1. Genuine openness to challenge and new ideas. Successful leaders can spot and promote talent, because in doing so, whether they realised or not, they accepted that they did not have a monopoly on ideas. A leader will ensure that they provide room for members of the team to develop ideas and grow on a personal and professional level. Team members should not sit around waiting on the leader to come up with new initiatives. The team should be coming to the leader with ideas and ways to improve the business or achieve the aims of the project. A leader must to be confident in their views and about themselves, not to feel someone with an idea is a threat to their position. The leader therefore nurtures talent through not only mentoring, but also positive action to support the person. It is easy to have weekly or monthly mentorship sessions, the next step of the leader is action through supporting that team member, if relevant for a promotion or recognition. The leader may have to stick their head above the precipice. Could it go wrong? Could the leader’s choice backfire? Yes! There is always a possibility, small as it may be, that things will not go as planned. However, that is part of the role of leader and brings me to the next point about failing.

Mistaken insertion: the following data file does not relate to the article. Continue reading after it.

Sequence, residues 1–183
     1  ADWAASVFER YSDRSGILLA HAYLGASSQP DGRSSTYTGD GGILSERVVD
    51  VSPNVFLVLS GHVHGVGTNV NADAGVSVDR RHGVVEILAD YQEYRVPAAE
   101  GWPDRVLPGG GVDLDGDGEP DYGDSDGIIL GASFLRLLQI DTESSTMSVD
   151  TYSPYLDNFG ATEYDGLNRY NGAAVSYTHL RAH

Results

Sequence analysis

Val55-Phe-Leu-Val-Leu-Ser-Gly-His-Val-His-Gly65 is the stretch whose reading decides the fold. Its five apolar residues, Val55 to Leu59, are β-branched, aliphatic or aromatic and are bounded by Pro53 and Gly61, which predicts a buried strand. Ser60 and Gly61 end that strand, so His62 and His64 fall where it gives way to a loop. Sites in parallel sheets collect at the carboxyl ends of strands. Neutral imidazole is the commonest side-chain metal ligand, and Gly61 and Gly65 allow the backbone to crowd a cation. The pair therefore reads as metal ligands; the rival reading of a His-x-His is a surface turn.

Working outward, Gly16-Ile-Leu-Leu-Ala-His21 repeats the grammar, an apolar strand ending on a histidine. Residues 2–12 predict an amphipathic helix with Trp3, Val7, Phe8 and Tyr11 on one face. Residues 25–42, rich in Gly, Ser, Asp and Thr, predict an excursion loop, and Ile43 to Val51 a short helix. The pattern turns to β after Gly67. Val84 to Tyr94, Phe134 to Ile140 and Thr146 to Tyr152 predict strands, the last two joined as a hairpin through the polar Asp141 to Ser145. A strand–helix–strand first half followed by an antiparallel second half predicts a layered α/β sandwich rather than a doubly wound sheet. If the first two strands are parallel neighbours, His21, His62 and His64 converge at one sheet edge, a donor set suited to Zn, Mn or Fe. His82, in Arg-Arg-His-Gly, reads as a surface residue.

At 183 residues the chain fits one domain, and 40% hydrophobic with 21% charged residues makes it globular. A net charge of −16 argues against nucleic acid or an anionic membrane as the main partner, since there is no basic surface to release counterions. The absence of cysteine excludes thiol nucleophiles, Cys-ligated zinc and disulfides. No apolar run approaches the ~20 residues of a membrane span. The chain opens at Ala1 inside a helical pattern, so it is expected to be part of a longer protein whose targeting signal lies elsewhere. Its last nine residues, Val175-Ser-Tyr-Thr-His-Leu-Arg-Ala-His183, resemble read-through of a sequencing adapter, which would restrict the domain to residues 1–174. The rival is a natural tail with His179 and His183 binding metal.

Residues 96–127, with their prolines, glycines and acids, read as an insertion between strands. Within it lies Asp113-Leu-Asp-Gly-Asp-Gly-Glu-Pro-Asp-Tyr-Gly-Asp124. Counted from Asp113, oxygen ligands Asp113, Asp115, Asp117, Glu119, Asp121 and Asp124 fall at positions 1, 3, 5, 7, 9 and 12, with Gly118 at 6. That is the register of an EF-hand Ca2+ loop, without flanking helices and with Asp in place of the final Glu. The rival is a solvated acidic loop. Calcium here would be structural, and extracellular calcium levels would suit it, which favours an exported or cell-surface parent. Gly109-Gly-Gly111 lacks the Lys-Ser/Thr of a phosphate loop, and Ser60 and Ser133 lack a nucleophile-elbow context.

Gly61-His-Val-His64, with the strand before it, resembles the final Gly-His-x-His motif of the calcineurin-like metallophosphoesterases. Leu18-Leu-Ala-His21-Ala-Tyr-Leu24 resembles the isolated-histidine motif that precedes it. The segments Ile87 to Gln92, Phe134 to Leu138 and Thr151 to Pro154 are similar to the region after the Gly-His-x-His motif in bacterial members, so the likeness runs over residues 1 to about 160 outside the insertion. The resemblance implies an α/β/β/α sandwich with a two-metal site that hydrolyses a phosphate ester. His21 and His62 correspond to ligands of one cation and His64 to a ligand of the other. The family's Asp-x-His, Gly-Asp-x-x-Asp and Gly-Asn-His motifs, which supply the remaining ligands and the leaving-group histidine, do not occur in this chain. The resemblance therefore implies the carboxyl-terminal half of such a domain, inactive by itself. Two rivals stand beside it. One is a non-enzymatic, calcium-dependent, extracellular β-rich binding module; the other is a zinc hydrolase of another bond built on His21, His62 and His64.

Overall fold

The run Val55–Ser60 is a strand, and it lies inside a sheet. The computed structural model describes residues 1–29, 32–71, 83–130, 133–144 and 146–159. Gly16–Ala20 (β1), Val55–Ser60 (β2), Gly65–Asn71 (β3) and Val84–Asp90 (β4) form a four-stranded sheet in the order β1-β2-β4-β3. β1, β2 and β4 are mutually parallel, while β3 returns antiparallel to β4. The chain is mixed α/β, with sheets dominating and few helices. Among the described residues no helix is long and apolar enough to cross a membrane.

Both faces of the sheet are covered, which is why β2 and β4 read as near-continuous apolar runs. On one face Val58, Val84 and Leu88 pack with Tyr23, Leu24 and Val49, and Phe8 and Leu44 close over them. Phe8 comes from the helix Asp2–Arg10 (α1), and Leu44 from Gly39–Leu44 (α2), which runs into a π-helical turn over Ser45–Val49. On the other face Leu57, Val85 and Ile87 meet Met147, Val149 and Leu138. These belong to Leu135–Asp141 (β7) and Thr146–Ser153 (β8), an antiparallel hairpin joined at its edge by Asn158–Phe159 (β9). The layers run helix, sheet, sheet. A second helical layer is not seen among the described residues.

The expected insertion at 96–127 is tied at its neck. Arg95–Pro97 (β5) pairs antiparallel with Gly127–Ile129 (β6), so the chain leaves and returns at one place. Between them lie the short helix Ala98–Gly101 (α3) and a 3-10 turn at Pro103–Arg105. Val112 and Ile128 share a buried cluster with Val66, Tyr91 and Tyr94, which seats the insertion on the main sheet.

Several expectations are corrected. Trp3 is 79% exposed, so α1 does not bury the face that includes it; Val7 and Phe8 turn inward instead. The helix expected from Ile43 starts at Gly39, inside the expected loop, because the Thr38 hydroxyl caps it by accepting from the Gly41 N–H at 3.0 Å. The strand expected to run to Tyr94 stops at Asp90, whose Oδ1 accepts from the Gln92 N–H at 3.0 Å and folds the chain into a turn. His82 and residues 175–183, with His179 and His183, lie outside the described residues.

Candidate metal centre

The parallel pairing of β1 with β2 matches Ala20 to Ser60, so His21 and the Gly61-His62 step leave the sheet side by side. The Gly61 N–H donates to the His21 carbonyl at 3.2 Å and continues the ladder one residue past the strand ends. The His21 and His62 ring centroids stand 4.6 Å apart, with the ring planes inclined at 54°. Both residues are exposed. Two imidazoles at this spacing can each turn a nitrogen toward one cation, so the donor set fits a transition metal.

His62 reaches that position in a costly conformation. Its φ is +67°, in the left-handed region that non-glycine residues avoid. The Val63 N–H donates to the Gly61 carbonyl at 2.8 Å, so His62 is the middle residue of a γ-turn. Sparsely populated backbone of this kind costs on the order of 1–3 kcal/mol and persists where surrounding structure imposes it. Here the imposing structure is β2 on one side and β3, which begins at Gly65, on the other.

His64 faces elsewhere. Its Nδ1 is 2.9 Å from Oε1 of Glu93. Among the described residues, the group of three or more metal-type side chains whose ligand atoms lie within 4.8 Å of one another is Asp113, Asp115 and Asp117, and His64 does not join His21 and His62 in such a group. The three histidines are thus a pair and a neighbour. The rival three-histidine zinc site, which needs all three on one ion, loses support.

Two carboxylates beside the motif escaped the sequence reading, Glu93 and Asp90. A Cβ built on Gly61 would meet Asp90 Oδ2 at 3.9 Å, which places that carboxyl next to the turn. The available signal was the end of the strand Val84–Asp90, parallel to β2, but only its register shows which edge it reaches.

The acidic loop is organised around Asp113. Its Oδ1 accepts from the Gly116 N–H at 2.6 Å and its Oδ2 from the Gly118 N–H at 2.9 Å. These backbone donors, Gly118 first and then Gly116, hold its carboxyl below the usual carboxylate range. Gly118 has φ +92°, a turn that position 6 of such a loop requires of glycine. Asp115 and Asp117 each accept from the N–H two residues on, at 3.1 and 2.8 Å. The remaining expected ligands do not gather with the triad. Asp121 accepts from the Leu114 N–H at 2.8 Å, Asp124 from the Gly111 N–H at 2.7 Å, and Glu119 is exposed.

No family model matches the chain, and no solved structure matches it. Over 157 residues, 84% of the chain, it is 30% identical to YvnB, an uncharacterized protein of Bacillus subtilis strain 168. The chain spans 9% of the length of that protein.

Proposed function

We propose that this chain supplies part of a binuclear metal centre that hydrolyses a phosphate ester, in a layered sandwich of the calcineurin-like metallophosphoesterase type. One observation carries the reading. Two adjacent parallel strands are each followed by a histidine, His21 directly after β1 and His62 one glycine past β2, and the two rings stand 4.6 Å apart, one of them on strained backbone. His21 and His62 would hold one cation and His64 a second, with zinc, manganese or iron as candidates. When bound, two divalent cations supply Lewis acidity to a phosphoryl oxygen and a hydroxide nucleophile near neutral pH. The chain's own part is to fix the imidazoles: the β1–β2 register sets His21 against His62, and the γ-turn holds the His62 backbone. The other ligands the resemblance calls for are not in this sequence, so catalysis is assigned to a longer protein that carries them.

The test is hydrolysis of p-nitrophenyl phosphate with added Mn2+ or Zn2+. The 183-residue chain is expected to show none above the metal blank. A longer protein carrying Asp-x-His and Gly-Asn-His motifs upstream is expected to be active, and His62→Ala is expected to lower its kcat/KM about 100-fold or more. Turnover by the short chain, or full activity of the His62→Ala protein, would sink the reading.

2. Acceptance of not only the triumphs of the team but also the failures of the team. It is easy to celebrate in the win of the team. A trait of the good leader, which I saw being exhibited, was the leader who could accept mistakes, own the mistakes of the team, and also own their mistakes. In doing this, the leader recognises that they are not perfect and also sometimes things will not go according to plan. The best approach is to fix the problem, learn from it and move on. A leader could play the blame game but that will get them no closer to the goals of the business or project. In fact it distances the leader further away from the goal. I recall the story of my manager who on realising that I had made a mistake on a project, came into my office and we figured out how we could fix the mistake. My manager then told me that “everyone messes up at some point. The thing is never to dwell on it or make the same mistake twice.” It showed me a few important lessons that I still carry with me. Sometimes, a leader must be prepared to go to their team. The other lesson for me from my experience was that a leader acknowledges their own mistakes. A leader has to be careful not to demoralise members of the team when mistakes are made, which ties to the next point about compassion and empathy.